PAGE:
Rightsizing Time Burden on Grant Partners

by Vanessa Rivera, Intentional Philanthropy

We understand funders are busy allocating grant dollars to the community and grant partners are also busy focusing on their mission. Because time is a limited, valuable resource, many foundations are taking innovative approaches to right-sizing the time burden to their grant partners, while others are beginning this journey. For those curious about lessening this burden or would like to consider new ways to do so, this article may be a good starting point!

Even with the best intentions, funders’ grantmaking practices can be a burden on a nonprofit’s time and resources. Time spent by the executive director, senior staff, or a development team pursuing funding from foundations is time away from securing other funding or supporting staff or programs. Lessening the time burden on the nonprofits will not only allow time for staff to focus on their program but also align a foundation with the increasingly popular trust-based philanthropy practices. Beyond that, shifting power away from traditional philanthropy can lead to more meaningful partnerships with grantees and open time for grant partners to use funding support to make a meaningful impact in their community.

There are different avenues to consider in lessening the time burden of grant partners. Here are a few ideas to consider on how to show up as a better funder partner.

The grant application process: Foundations must conduct “due diligence” before making a grant commitment. The amount of time nonprofit are asked to put into this vetting process, however, should be proportional to the potential grant amount. For instance, a $5,000 grant that requires a Zoom presentation, a lengthy application, and a long site visit may not be the best use of limited resources for the grant size. In this case, a phone call and a short application might be more appropriate. 

Consider finding a grants management system that is actively working to lessen the time burden for grantees through innovative features, such as allowing grantees to auto-populate previous grant information into the current application as seen on Temelio’s platform. For more tips on how to build less onerous and more equitable applications, read this blog post, Pro Tips on Building a Grant Application.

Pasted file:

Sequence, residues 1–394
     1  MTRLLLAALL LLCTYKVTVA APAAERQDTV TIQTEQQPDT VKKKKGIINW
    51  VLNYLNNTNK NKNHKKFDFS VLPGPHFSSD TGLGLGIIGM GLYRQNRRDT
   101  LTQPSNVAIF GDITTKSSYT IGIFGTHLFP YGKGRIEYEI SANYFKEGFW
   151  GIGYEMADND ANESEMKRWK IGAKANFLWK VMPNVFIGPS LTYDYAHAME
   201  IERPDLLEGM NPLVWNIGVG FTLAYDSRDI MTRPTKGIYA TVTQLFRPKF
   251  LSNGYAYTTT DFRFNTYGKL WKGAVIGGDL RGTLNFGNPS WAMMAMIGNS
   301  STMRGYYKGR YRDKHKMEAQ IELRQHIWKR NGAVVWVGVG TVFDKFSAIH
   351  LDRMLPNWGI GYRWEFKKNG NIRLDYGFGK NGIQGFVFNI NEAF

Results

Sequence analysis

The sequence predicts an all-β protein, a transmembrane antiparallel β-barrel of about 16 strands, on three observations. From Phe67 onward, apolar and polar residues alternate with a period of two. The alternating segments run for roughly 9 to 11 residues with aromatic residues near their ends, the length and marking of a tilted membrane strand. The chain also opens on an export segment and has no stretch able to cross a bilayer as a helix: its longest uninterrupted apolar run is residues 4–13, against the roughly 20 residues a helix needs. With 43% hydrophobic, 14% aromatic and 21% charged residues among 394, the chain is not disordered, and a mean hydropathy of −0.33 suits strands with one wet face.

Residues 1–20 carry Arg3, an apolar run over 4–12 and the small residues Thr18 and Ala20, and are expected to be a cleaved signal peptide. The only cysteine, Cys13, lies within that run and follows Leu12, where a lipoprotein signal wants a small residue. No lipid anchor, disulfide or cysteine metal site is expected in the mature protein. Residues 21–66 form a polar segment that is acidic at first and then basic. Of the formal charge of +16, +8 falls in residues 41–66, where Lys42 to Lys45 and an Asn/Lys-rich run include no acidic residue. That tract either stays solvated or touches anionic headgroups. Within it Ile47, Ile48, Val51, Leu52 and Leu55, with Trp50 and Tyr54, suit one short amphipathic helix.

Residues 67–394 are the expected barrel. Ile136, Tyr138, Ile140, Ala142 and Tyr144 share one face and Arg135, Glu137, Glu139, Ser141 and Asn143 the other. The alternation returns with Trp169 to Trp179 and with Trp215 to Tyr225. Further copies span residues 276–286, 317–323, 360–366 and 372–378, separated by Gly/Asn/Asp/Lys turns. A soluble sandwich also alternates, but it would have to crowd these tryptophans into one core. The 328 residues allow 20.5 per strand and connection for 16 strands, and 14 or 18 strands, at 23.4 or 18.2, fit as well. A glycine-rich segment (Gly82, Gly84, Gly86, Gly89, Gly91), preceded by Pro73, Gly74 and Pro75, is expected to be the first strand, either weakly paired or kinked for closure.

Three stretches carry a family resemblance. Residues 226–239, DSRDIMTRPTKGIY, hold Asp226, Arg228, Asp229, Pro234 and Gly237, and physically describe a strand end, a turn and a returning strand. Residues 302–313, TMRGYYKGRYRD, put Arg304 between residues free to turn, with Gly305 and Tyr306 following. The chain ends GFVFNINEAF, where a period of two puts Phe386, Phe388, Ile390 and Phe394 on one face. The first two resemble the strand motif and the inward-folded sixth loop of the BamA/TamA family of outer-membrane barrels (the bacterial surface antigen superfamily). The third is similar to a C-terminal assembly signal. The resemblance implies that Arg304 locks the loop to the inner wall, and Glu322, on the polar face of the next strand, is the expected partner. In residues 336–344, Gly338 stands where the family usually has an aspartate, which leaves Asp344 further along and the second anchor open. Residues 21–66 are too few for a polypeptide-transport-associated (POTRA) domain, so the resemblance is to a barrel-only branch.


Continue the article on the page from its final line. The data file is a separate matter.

Likelihood of grant commitment: Similarly, please do not ask nonprofits to complete a lengthy application if they are unlikely to receive a grant. One way to decrease the time burden for foundations  and nonprofits interested in applying for funding is to create an opportunity for prospective grantees to submit a letter of intent (LOI). The LOI is a brief summary of the organization or project for a foundation to review in consideration of inviting them to submit a full application. It can also be as simple as a brief survey embedded on a website that collects highlights of their mission and programming or an eligibility quiz set up in Temelio. Many funders find that a brief LOI or eligibility quiz decreases the volume of misaligned or unsolicited inquiries they receive because these methods are transparent about the foundation’s priority funding areas. Many would-be applicants will self-screen upon realizing they would not be a good fit.

Capacity of grant partners: While all nonprofits need to fundraise, not all fundraising teams look similar across organizations. Larger nonprofits tend to have a robust development team – with dedicated grant writers, accounting staff, and officers – with the capacity to produce refined, lengthy applications. On the other hand, smaller organizations, especially those led by people of color who receive 8% of philanthropic dollars, may have much smaller departments for fundraising efforts. Often, an executive director is the one writing grants, producing financial reports, and cultivating funding relationships, all while also leading the organization. Be mindful of what smaller nonprofits are asked to do and be open to allowing for deadline extensions, accepting reports submitted to other funders, or approving applications that are not as polished as the ones created by larger organizations.

Site Visits: Visiting an organization and its programs is a great way to gain insights into how grantees operate and work with their communities. At the same time, for nonprofits, site visits can be time-consuming in coordinating a full agenda for the funders to enjoy. Many organizations feel obliged to ask program staff or participants to step away from their work to share their personal experiences with the program.  When requesting a site visit, share the purpose for the visit, questions up-front, and the type of programming or operations that would be most illuminating to observe – like a brief tour of a newly constructed kitchen or sitting in an after-school program. Let them know if special accommodations like refreshments or curated panels are not required and ask if they have the capacity to host a visit without disrupting the day-to-day of the staff and program participants. Instead of site visits, be open to different ways to get a feel for an organization through videos, webinars, written submissions from participants, or attending larger, planned events. 

Foundations best understand their organization and its key decision-makers. By anticipating the need to make informed grant decisions, funders can find ways to lessen the time burden on applicants that still yield all of the needed information with the added benefit of fostering positive relationships with grant partners who will surely notice and appreciate the intention. A foundation can serve as a good grant partner in several ways – all is needed is to take the first step!

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